When buying an older home, there are a lot of things to look out for, including asbestos, mold and bad wiring. Provided these three major issues are non-factors, any other issues are likely aesthetic and secondary, however, it’s still important to conduct a home inspection to ensure everything is on the up and up. When it comes to aesthetics, older homes are less desirable and require some renovations to be brought up to snuff. The most typical renovations conducted in an older home are flooring upgrades, kitchen renos and bathroom renos. After executing those three renovations, you’re just some tinkering away from having an up to date home. The first thing you may notice, however, is the popcorn ceiling.
Popcorn ceilings were very popular in the 50’s and 60’s and have been plaguing households ever since. You would be hard-pressed to find anyone interested in installing popcorn ceilings in this day and age. Nice, smooth, paintable ceilings are what people are looking for. Still, when on an aggressive house hunt, a popcorn ceiling isn’t a make it or break it, because it can always be removed.
At as much as $2 per square foot, depending on the size of the home, something so simple could wind up taking a huge chunk out of your renovation budget. The good news is, you don’t need to be pro or require a lot of tools. Popcorn ceiling removal is very doable as a DIY project, but rest assured, it’s hard work and makes a big mess. Follow this guide and you’ll be enjoying smooth ceilings in no time (and hopefully, a recovery massage from your spouse):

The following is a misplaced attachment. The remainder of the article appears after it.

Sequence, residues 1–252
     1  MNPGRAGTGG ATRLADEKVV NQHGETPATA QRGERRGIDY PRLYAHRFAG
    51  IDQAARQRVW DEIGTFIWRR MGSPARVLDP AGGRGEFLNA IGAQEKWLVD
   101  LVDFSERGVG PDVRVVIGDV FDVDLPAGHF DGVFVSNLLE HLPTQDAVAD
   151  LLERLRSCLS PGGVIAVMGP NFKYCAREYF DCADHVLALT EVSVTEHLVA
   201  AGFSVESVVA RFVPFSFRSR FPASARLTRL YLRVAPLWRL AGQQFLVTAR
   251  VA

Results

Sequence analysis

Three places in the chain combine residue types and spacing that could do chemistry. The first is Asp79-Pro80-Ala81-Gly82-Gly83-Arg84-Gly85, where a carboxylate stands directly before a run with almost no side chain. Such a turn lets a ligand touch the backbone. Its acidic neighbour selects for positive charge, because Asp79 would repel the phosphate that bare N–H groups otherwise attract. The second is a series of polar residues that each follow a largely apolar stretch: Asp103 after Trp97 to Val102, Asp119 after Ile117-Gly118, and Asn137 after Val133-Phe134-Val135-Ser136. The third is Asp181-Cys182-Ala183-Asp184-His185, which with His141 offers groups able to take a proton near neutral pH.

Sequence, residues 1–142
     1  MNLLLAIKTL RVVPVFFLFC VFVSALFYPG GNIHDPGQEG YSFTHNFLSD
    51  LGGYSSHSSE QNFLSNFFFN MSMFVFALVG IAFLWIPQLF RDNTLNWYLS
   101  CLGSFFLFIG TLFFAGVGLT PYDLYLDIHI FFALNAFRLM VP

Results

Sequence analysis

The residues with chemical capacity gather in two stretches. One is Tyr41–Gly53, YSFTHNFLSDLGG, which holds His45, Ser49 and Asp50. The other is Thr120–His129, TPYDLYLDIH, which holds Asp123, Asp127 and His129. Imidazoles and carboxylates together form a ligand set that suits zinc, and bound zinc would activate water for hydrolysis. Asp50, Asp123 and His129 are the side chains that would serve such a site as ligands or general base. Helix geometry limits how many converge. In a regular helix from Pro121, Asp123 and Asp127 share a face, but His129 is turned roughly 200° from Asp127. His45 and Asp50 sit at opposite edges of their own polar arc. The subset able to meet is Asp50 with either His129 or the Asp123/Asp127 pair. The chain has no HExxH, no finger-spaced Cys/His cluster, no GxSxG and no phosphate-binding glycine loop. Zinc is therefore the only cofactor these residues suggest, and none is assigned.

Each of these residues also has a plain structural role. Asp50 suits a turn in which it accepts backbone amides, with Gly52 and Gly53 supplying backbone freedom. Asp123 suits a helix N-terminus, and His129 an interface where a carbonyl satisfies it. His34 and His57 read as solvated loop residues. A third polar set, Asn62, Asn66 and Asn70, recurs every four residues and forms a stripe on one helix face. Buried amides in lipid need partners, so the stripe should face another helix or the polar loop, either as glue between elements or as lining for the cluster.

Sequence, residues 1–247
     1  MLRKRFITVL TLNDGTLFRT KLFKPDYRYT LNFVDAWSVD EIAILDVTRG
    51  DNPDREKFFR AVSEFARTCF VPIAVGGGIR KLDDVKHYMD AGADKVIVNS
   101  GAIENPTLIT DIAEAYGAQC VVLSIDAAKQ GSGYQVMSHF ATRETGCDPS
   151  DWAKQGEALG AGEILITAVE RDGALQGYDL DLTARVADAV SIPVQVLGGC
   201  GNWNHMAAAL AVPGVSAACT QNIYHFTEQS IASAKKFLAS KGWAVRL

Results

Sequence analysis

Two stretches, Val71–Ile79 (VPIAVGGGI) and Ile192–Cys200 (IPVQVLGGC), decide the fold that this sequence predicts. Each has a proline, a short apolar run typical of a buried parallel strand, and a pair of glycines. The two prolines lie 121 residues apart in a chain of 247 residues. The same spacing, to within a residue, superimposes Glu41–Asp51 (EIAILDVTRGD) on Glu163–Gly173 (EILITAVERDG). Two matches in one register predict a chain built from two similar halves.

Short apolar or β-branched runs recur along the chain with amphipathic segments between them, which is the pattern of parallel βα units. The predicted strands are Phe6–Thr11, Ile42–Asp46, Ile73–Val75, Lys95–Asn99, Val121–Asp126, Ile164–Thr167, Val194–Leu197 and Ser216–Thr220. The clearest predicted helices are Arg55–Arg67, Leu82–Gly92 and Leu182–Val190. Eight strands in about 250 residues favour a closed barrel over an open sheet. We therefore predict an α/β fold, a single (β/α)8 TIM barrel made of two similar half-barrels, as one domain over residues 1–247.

1) When To Do It
This should be the first renovation you do before you move any furniture in. It will cause an enormous mess, rather than go through the effort of mitigating it with covers (it will still find its way through), go nuts and attack the project full force without preoccupation of consequences.
2) What Tools You Need
Your tool checklist includes: A sander, a garden sprayer, a putty knife with mud, paint, roller, and, of course, a scraper.
3) Cover Up
If not executing this task in an empty house, cover every inch of your house up, it’ll be raining wet plaster.
4) Spray Down A Section
Spray down the section you first plan to work on with your garden sprayer. Use the hottest water possible mixed with fabric softener.
5) Scrape, Scrape, Scrape!
Scrape every popcorn ceiling in your home, section by section. Be careful not to gouge big holes in your ceiling.
6) Smooth It Out
Lightly smooth out all the imperfections and residual popcorn with a sander. Don’t try on smooth out large gouges, just ensure the ceiling is nice and even.
7) Fix Gouges
Once sanded, it will look almost perfect aside from some gouging that would have inevitably occurred. Use your mud and knife to fill in these gouges so that it’s perfectly smooth.
8) Paint And Prime
Prime and paint with your preferred color and you’re done!
Original article found at: http://dreamcasa.org/living/remodel-and-renovation/popcorn-ceiling-removal-diy-guide/